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Re: new web site/status report

> >(At 1G continuous thrust)...Even the antimatter rockets can't
> >get up to .99 lightspeed with a mass ratio of 52.
> Two points--
> 1. With the saturation of apparent velocity, the implications
> of .99 lightspeed are obscured.  A peak apparent velocity of

I'm not sure I understand what you mean by this first sentence.

> 0.99 ltyr/yr represents a peak proper velocity of 7.0179
> ltyr/yr and an acceleration distance (at 1g) of 5.90 ltyr.
> (I.e., a destination distance of 11.8 ltyr with 1g deceleration,
> also.  BTW, my astronomy book gives the distance to tau Ceti as
> 10.3+/-0.3 ltyr.)  What mass ratio does MARS require to decel-
> erate at 1g from this peak velocity?  (I think that's the 52,
> from Timothy's 3/30 table, that you're quoting, which is for
> 100 percent conversion of captured microwave energy to exhaust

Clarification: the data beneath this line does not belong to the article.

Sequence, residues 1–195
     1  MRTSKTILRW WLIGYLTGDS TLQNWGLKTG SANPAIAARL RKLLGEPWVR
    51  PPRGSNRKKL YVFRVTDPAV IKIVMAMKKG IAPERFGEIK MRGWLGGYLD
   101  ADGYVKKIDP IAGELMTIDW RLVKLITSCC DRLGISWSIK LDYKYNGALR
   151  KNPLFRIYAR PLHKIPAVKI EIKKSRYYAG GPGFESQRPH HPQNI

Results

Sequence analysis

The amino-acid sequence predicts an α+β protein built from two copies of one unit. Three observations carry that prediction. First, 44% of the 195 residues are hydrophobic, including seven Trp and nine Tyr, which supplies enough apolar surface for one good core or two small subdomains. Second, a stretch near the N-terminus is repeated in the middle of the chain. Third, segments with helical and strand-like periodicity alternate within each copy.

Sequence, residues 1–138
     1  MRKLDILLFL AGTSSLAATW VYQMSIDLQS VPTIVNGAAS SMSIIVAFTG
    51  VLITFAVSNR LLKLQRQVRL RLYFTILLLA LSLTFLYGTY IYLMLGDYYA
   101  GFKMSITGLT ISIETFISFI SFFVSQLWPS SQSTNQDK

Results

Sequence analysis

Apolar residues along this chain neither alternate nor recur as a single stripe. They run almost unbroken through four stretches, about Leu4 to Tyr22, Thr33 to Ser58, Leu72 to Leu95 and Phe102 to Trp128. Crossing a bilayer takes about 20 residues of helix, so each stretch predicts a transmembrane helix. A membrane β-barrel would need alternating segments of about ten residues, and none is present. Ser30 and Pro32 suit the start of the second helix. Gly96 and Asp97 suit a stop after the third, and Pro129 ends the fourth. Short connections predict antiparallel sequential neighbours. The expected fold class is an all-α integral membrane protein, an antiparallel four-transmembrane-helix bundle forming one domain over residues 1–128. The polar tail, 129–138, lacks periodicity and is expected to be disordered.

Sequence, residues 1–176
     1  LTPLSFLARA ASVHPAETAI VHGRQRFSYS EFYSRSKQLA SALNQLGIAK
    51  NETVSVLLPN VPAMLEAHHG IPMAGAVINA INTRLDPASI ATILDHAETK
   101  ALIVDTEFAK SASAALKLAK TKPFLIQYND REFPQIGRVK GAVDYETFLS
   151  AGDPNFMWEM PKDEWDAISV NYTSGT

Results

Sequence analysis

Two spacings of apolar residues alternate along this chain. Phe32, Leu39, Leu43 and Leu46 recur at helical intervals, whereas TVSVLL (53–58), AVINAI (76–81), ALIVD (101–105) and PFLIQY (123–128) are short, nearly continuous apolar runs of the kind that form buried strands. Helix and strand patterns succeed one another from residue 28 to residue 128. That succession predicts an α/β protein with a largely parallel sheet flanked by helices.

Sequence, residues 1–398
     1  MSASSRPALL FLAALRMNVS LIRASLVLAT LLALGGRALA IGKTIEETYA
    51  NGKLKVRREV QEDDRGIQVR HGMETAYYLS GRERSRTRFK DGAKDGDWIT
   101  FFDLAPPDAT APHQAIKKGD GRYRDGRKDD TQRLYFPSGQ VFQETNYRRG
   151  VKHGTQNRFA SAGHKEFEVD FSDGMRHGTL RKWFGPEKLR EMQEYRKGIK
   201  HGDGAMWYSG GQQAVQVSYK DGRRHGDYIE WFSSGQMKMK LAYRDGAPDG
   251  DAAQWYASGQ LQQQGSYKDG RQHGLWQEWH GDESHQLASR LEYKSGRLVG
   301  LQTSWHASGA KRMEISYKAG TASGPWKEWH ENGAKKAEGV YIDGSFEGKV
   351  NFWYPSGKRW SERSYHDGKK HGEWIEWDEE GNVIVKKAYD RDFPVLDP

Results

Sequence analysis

> kinetic energy.)
> 2. An optimum antimatter rocket with a peak proper velocity Uend
> of 7.0179 ltyr/yr has an optimum constant exhaust velocity Vexh
> of 0.8851.  The required mass ratio (r = exp[asinh(Uend)/Vexh])
> is 19.89.  (These calculations assume no energy losses, but also
> assume no gain from optimizing the exhaust-velocity profile.)

Okay, I stand corrected on the mass ratio point.  but at least we can 
make microwaves  :)  (and don't tell me about the nine or so anti 
hydrogens that CERN got to live about 40 nanoseconds)  

I do think we should explore anti-matter rockets and see if they solve 
any of the really hard problems (like energy cost)